The US government is taking other measures to cushion the negative impact of the coronavirus. Senior advisor Kudlow said the White House prefers “timely and targeted micro-measures.” This was the first time that Trump officials have acknowledged the growing negative economic impact here in the US. President Trump signed a bill Friday authorizing $8.3 bln in emergency spending. Elsewhere, reports suggest that the travel and tourism industries may be allowed to defer tax payments until their situations improve.
February inflation readings for the US will be reported this week. Data have taken on even less importance in light of last week’s surprise Fed rate cut and growing coronavirus fears. To wit, last Friday’s blockbuster jobs report (+273k) had little impact on markets. CPI will be reported Wednesday. Headline inflation is expected to ease to 2.2% y/y from 2.5% in January, while core inflation is expected to remain steady at 2.3% y/y. PPI will be reported Thursday. Headline inflation is expected to ease to 1.8% y/y from 2.1% in January, while core inflation is expected to remain steady at 1.7% y/y.
Other minor US data will be reported. February budget statement will be released Wednesday, where a -$238.5 bln deficit is expected. If so, the 12-month total would rise to a new cycle high of -$1.077 trln. Weekly jobless claims will be reported Thursday and are expected at 218k. February import/export prices and preliminary March University of Michigan sentiment will be reported Friday. Headline sentiment is expected to drop to 95.0 from 101.0 in February, with both current conditions and expectations seen falling.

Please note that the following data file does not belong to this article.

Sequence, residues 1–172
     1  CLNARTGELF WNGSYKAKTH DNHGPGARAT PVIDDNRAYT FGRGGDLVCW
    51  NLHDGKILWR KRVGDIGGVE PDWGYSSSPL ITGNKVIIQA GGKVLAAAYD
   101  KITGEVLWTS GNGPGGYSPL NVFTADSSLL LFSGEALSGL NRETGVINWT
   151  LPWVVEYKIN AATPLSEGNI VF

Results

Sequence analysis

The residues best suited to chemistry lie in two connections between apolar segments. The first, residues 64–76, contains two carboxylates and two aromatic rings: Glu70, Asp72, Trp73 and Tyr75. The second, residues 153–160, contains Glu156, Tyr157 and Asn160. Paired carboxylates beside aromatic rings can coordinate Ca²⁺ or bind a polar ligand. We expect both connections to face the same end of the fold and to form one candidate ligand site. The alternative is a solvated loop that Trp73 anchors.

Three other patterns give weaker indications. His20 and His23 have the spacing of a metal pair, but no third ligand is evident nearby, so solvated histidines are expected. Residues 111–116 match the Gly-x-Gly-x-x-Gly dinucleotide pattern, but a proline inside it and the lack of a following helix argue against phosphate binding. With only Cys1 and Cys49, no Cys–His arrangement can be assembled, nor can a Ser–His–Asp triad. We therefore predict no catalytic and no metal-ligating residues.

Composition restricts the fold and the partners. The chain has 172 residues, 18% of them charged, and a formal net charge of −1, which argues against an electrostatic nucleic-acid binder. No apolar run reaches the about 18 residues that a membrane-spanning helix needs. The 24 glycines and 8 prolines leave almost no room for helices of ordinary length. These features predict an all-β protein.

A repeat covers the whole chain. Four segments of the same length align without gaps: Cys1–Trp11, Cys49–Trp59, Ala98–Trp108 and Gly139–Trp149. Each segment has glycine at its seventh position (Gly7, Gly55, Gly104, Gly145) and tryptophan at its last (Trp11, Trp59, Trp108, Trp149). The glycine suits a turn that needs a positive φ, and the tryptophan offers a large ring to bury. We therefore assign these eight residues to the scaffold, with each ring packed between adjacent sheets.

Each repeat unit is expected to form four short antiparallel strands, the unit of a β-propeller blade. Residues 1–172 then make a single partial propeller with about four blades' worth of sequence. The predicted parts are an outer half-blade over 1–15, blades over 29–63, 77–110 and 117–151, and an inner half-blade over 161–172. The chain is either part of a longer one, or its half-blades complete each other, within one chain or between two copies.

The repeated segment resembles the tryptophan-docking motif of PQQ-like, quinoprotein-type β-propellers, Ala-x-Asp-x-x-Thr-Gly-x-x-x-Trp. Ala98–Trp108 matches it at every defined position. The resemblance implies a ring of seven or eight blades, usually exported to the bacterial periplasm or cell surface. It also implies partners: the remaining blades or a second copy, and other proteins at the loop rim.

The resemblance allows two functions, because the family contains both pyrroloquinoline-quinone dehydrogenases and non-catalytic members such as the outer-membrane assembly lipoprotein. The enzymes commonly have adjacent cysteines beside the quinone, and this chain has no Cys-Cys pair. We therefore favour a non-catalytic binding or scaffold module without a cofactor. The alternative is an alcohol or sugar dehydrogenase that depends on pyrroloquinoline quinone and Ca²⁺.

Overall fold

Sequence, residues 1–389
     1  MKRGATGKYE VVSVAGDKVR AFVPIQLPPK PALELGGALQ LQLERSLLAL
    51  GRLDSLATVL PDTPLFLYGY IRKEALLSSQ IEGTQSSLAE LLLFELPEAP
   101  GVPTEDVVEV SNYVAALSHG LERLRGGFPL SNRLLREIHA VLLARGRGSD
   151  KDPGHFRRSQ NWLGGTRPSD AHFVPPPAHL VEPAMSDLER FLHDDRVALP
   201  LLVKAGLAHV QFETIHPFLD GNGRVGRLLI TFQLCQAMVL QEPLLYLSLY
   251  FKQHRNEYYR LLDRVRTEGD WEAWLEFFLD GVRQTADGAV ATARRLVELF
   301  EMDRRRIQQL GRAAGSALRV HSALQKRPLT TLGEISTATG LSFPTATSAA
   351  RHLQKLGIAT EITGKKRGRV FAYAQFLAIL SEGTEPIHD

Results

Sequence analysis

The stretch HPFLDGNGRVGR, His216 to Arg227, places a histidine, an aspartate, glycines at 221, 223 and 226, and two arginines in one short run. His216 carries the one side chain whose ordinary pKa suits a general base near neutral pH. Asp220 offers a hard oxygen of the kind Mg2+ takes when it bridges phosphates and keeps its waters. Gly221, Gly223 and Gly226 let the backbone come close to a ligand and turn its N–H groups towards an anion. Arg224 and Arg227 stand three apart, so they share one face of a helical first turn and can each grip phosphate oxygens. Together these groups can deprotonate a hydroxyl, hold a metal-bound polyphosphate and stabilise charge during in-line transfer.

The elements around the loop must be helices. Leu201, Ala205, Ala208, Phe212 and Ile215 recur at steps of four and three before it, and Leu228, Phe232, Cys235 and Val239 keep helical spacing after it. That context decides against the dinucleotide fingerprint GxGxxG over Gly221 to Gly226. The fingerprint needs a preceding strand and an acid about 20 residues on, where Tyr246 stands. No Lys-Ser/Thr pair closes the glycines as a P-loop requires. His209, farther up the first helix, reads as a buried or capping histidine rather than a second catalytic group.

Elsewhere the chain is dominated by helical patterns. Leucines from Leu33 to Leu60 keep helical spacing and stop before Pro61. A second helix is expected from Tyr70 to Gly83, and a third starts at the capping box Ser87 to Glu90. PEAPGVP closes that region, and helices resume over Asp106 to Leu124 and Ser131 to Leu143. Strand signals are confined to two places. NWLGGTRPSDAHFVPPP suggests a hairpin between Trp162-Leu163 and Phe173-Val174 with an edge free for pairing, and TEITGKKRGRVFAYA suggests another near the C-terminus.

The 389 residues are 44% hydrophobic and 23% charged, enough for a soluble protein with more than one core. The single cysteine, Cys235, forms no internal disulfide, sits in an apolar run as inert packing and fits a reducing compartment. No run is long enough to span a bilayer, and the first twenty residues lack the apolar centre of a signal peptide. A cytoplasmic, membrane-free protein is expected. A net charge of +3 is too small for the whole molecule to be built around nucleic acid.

US Q4 GDP growth was unrevised at 2.1% SAAR, and Q1 is on a similar pace. The Atlanta Fed’s GDPNow model estimates Q1 GDP growth at 3.1% SAAR vs. 2.7% previously. Elsewhere, the NY Fed’s Nowcast model estimates Q1 GDP growth at 1.7% SAAR vs. 2.1% previously. Both models were updated Friday. Yet it’s clear that markets are betting on a sharp slowdown in Q2, with an uncertain recovery outlook.
The European Central Bank meets Thursday and markets are split. The analysts polled by Bloomberg are tilted 30-21 in favor of steady rates, but WIRP suggests over 75% odds of a rate cut vs. less than 50% a couple of weeks ago. It will be a very close call but either way, the bank will have to do a 180 from its upbeat stance at the previous meeting. With Germany and Italy already slipping towards recession in Q4, the growing headwinds must be acknowledged. That said, going more negative on rates will face resistance.